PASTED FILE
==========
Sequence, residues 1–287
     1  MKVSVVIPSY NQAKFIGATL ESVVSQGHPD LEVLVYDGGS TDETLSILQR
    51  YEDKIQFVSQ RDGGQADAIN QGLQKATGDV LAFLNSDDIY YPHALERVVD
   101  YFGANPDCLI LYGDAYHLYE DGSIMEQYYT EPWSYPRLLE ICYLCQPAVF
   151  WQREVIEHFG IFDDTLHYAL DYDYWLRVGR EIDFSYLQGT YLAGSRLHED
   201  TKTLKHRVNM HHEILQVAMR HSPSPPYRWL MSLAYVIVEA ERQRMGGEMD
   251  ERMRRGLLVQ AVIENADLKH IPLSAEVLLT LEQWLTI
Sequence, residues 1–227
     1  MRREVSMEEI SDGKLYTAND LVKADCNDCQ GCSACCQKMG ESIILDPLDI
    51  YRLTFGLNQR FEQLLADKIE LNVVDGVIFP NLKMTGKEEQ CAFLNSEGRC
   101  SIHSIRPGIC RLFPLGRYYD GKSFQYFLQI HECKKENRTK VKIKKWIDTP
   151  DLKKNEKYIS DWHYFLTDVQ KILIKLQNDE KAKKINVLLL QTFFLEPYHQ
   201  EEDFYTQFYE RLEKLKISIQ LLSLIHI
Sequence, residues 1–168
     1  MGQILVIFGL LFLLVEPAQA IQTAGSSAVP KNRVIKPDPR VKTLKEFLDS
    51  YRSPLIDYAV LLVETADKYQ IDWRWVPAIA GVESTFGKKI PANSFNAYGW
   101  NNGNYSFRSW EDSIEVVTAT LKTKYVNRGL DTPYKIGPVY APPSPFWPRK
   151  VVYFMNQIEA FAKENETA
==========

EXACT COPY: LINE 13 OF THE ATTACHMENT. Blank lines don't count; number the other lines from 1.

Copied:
   201  EEDFYTQFYE RLEKLKISIQ LLSLIHI